One of the biggest difficulties faced when losing weight is controlling hunger. After all, the more hungry you are, the more likely you are to indulge in food, increasing your calorie intake and hampering weight loss. If you could control your hunger, would this make losing weight easier? Definitely.
What controls hunger is a fairly complicated topic, if you want to learn about the mechanisms in-depth, then you can head over to my academic series on appetite regulation here. Appetite is the desire to eat, when we have high appetite we will feel hungry and when we have low appetite we feel full.
Trying to lose weight or not, it's important to feel full in-between meals. Not only to reduce excessive eating but to also feel satisfied too. It's certainly not a comfortable experience feeling hungry throughout the day.
What controls appetite?
Appetite is controlled by a seriously impressive and integrated system governed by the brain and gut. Throughout the gastrointestinal tract (GI tract) there are certain hormones that are released that signal to the brain to either increase or decrease appetite (1). These hormones are influenced by different environmental triggers, such as food, exercise and sleep.
Food influences how hungry or full we are. There are many important properties of food that influence how filling it is, such as:
The calorie content
The volume (air & water content)
The nutrient content (carbohydrate, protein and fat)
Fibre is an indigestible form of carbohydrates that passes through the GI tract all the way down to the large intestine (colon). Once fibre reaches the colon, it's greeted by a diverse community of gut bacteria, which ferments fibre into short-chain fatty acids (SCFA)(2).
SCFA are fatty acids whose main responsibility is to provide energy to cells in the GI tract. However, SCFA also signals to the cells in the GI tract to release appetite-suppressing hormones, which then signals to the brain to either suppress appetite (to feel full and stop eating) or stimulate appetite (to feel hungry and begin feeding) (3).
In addition to this, fibre also slows down the digestion of food, a process termed 'delayed gastric emptying'. This is another potential mechanism by which fibre helps keep us feeling full (4).
However, you need to consume enough fibre to experience the appetite suppressing benefits. Research has shown that at least 30g of fibre a day is needed to significantly decrease appetite and subsequently reduce food intake (5).
The best sources of fibre?
Non-starchy vegetables: spinach, kale, broccoli, asparagus
Seeds & nuts: flaxseeds, chia seeds, almonds, cashews
Beans & pulses: lentils, black beans, chickpeas
Most sources of fibre are also fairly large volume or have a high water content, which also makes it that little bit more filling. There's nothing better than heating up some frozen spinach cubes to get the full appetite suppressing effect, bulky, water-dense and packed full of fibre!
Protein has consistently shown across research to reduce appetite and food intake compared to both fat and carbohydrates. This means, when participants are given a high protein meal, compared to high fat or high carbohydrate meal, protein produces a greater reduction in appetite compared to the two other meals, despite all meals containing the same amount of calorie.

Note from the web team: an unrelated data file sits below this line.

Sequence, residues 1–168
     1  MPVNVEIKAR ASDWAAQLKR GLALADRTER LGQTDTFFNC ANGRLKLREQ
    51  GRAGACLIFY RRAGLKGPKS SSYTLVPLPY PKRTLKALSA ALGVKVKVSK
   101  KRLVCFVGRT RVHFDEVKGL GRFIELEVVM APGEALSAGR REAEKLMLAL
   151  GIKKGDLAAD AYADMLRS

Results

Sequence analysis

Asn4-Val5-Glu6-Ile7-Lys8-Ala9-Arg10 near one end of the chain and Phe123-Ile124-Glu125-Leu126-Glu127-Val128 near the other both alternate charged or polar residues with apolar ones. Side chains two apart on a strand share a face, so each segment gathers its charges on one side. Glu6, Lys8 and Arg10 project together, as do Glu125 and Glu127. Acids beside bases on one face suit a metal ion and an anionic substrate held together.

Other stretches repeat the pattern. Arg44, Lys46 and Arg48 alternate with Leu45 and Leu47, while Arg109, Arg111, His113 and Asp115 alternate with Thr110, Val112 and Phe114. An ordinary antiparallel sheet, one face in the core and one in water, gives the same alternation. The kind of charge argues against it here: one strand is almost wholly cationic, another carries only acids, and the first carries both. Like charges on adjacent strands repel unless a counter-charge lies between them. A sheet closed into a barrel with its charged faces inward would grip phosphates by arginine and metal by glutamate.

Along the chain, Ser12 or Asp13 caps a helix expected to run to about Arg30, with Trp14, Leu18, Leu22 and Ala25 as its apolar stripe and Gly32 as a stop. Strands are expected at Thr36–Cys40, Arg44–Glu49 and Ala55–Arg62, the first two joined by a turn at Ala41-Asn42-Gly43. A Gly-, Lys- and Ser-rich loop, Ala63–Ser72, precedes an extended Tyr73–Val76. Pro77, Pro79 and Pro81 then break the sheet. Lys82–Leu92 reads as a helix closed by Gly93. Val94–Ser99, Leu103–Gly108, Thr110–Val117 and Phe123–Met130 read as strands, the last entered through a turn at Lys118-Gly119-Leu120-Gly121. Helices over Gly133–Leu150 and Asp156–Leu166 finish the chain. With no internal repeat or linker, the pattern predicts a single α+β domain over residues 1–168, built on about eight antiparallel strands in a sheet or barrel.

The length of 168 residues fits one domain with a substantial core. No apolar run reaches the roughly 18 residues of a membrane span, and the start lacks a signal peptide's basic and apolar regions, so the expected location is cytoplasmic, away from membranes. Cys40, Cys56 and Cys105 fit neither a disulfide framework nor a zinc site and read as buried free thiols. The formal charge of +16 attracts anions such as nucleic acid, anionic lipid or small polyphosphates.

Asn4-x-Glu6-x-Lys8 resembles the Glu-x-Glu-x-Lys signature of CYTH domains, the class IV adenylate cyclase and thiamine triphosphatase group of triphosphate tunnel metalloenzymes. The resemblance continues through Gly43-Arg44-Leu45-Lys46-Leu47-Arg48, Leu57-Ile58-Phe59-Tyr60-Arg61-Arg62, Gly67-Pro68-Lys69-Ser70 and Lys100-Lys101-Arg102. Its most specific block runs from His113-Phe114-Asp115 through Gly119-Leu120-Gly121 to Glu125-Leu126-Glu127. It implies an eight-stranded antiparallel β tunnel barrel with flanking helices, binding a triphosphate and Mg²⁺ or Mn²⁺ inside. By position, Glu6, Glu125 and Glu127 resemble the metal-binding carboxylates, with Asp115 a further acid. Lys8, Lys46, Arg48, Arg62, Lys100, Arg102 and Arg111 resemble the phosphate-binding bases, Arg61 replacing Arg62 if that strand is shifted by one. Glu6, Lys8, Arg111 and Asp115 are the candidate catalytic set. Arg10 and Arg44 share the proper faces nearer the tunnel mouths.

How? Well, it seems as though protein increases the production of gut hormones that signal to the brain to make us feel full, explaining the mechanisms of how protein produces these appetite responses (6).
The best sources of protein include:
Meats & fish
Tofu, soy, Quorn
We're all aware of the numerous benefits from exercise, but were you aware of the appetite benefits too?
It seems endurance-based exercises, especially moderate-intensity endurance exercises like running and cycling suppress appetite and reduce food intake. After exercise, hormones that suppress appetite and reduce food intake are elevated, which signal to the brain to keep us feeling full (7).
Can't stop feeling hungry? Why not incorporate some running or cycling, or other forms of activity into your daily routine to get stay full and satisfied?
I'm sure we can all relate to feeling rather grumpy, tired and hungry after a poor nights sleep. After all, we're looking for some quick energy to make us feel more awake and energised, what better place to look than food?
A recent review highlighted how a poor nights sleep can significantly increase appetite, making us feel more hungry the following day. Hormones that make us feel hungry are significantly elevated after less than 5-hours of sleep compared to a healthy nights sleep of 7-8 hours (8).
It's inevitable we'll all experience one or two sleepless nights. Next time, why not start the day with some exercise and pack your plate full of nourishing fibre to not only feel more energised but to feel satisfied and reduce hunger throughout the day.
It's worth mentioning that hunger itself isn't bad! In fact, it's an essential evolutionary drive and it's certainly vital to eat meals throughout the day to provide you with your daily energy requirements. Here, we're talking about the unwanted hunger, and now you have some scientifically proven tips to help tame it:
Incorporate plenty of fibre & protein with each meal, in addition to a healthy serving of fat
30-40 minutes of exercise, with endurance exercises potentially the most effective
A good nights sleep, 7-8 hours!
If you'd like to learn more, or you're interested in booking a consultation with me to help with your health goals, head over to my consultation page here!